Thursday, February 26, 2009


"All journeys have secret destinations
of which the traveler is unaware"

-T.S. Elliot

The bags packed - check, traveling schedule in order - check. Concerns
and stresses packed, but easy accessible - check. Armed with every "check" humanly possible, check, check.

Have you ever started off on a journey with preconceived notions of
how a trip should - will be? Each day planned out to the minute? At
3:34 pm the plane lands and by 4:10 pm the rental car will be
available. No doubt there's comfort in knowing things are going as
planned, but the trip to Seattle reminded me that an itinerary rarely
recognizes the rich texture of human behavior.

In our last blog installment entitled "Seattle Bound". The main
purpose of the trip to Seattle was to interview one of the NMAI
Sculpture competition selectors, Native Architect, John Paul Jones. We
interviewed Mr. Jones and got some truly important words from him. However in the end, it was the leaving of a familiar routine, entering the unknown and allowing serendipitous events to guide us into a wondrous landscape of events that made the journey extraordinary.


Before we left for Seattle Mr. Jones sent me several examples of work
done by his Architectural firm in the Seattle area. I contacted the
director of one of the sites in downtown Seattle and lucky for us we
were invited to tour the Monterey House. The Monterey House is an
historic building renamed The Chief Seattle Club after renovations
were completed by John Paul's firm. The Chief Seattle Club is now a
homeless shelter and gathering place for Native people. Janine Grey,
the director of the shelter took time away from her week-end to show
us around.The Chief Seattle Club was designed from an environmentally conscious perspective, recycled materials were incorporated into the design and great care was taken to weave Northwest Coast culture and sensibilities into the layout of the building.

Thoughtful and smart, Ms. Grey passionately spoke about the shelter and how the design of the building truly reflected cultural values needed to reassure and honor everyone who entered the Chief Seattle Club. Ms. Grey words seamlessly wove into John Paul's interview creating a central focuses on community, culture and creating which of course are all themes relative to the ideas within Always Becoming.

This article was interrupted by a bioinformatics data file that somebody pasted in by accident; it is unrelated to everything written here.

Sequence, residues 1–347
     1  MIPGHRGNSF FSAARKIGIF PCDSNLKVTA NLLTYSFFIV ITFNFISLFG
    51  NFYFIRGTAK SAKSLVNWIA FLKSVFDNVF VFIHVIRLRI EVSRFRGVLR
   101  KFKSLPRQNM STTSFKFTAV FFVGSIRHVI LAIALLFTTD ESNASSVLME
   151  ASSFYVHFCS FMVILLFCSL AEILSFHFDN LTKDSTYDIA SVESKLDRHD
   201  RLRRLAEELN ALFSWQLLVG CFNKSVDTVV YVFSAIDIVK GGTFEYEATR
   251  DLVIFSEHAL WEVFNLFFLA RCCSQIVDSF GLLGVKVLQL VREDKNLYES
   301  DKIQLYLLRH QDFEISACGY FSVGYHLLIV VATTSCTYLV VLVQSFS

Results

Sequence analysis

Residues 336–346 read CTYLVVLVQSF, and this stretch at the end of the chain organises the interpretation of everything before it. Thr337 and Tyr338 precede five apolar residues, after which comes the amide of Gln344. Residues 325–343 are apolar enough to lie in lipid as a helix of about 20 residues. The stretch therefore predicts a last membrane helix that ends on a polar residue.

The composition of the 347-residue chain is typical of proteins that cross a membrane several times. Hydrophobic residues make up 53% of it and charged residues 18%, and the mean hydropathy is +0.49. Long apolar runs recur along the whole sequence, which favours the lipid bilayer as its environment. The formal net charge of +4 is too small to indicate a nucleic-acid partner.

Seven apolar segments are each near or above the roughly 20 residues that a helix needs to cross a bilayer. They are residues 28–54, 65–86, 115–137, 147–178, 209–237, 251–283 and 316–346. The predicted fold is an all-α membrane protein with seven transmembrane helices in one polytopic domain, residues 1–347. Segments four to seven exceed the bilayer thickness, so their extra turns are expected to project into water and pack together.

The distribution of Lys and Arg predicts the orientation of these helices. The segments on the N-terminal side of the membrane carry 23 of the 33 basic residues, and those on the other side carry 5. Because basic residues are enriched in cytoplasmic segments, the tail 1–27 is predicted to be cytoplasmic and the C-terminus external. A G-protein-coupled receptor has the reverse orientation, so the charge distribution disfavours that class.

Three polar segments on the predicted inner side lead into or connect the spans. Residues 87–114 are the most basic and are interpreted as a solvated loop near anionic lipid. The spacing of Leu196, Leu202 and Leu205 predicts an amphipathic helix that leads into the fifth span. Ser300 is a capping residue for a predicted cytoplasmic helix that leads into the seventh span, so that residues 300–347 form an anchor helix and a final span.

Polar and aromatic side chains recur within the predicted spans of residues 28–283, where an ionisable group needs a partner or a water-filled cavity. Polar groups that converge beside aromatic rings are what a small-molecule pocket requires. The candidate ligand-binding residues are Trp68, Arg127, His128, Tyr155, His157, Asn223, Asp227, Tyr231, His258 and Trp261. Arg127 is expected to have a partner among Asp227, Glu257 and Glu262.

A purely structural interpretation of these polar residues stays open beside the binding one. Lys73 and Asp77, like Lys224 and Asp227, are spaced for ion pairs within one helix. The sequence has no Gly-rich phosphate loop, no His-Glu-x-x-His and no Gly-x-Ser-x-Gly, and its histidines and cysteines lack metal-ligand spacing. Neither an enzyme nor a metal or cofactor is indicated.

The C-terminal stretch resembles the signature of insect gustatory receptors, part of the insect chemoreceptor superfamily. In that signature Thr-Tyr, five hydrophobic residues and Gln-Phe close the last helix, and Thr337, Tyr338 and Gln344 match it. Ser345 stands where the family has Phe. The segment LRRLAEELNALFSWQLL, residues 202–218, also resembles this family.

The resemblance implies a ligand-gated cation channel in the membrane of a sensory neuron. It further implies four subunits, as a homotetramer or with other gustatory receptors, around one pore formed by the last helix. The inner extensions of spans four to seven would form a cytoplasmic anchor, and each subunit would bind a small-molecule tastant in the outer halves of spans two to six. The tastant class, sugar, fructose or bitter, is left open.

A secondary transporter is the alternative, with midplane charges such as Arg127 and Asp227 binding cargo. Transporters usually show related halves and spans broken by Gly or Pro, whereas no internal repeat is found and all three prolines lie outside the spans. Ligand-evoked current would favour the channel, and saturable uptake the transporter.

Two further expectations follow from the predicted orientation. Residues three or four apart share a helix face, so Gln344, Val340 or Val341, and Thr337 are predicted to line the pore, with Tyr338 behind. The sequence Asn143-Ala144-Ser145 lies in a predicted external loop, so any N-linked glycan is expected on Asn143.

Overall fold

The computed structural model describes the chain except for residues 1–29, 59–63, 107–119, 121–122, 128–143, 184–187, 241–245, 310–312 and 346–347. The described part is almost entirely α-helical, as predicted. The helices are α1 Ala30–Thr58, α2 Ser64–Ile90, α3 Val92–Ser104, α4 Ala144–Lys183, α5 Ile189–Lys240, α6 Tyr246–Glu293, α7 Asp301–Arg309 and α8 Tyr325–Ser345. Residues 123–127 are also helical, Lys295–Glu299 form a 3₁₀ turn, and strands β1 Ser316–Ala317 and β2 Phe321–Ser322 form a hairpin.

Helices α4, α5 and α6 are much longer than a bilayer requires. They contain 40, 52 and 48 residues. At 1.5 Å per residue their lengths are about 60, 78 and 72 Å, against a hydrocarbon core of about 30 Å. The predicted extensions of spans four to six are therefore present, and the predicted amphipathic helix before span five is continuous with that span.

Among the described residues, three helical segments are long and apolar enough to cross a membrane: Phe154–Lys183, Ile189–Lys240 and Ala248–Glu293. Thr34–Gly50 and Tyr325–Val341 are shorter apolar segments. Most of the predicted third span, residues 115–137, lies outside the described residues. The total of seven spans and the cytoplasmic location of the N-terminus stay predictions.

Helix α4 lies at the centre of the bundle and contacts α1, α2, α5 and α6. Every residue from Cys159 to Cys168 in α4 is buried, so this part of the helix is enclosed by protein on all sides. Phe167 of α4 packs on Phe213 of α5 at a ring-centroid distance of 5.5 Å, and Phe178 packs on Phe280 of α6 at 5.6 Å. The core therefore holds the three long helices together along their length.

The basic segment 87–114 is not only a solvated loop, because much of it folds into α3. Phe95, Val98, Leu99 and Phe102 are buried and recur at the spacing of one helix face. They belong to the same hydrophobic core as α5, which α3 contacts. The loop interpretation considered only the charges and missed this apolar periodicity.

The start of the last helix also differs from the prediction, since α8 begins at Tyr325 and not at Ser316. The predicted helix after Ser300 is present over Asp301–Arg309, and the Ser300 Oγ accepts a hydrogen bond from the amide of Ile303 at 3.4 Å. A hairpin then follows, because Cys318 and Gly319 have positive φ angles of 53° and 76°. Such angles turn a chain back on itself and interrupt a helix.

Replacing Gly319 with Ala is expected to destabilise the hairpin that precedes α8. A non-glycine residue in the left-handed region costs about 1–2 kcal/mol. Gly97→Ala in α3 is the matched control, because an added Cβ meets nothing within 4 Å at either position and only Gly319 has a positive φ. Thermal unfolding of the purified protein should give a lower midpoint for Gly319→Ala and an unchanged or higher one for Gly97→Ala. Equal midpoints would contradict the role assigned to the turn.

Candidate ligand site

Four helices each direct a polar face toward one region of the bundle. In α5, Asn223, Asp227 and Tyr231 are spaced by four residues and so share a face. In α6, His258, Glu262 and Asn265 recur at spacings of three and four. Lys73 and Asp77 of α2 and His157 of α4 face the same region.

Squaxin Island is two hours south of Seattle and is surrounded by
water and dense woodlands. We met up with John Paul Jones at a
gathering hosted by the Longhouse at the Evergreen State College, The
First People's Fund
out of South Dakota and The First Generation Fund. The gathering of Native people from several regions of the country was entitled," Creating - Migration - Change". Seventy Native artists, organizers and scholars spent two days discussing the ideas of creating from a cultural perspective and how this process effects change within indigenous communities. Elders from near by tribes told origin stories, an Indigenous rapper from East L.A versed and every single one of those seventy people brought their culture and community, sharing with a generosity that humbled and inspired.

John Paul's interview was the impetus for our trip however, hidden in
the woodlands of the Squaxin Island, crafted in the Chief Seattle
Club's mission statement, we discovered a treasure trove of cultural
knowledge from Indigenous people dedicated to creating community, art and family. And from these people a cohesive cultural awareness resides no matter the Native experience. Professionals like John Paul Jones who hears his ancestor's voice every time he designs a building. City dwellers like Olmeca who rap defiance and elders who still smoke salmon on the reservation. One thing is clear, our ancestor's legacy is even more poignant, more purposeful then ever before, giving us the tools to continue.